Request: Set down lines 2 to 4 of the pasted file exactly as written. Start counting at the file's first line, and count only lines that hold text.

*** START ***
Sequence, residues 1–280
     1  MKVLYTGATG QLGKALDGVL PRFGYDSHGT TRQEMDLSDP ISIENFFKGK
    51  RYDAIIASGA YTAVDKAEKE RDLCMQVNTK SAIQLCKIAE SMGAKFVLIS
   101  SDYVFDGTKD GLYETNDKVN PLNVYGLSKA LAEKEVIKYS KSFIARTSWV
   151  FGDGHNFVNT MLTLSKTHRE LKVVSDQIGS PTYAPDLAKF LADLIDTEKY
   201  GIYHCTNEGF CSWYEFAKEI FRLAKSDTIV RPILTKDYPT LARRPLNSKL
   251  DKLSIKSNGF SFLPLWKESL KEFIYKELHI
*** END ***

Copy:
     1  MKVLYTGATG QLGKALDGVL PRFGYDSHGT TRQEMDLSDP ISIENFFKGK
    51  RYDAIIASGA YTAVDKAEKE RDLCMQVNTK SAIQLCKIAE SMGAKFVLIS
   101  SDYVFDGTKD GLYETNDKVN PLNVYGLSKA LAEKEVIKYS KSFIARTSWV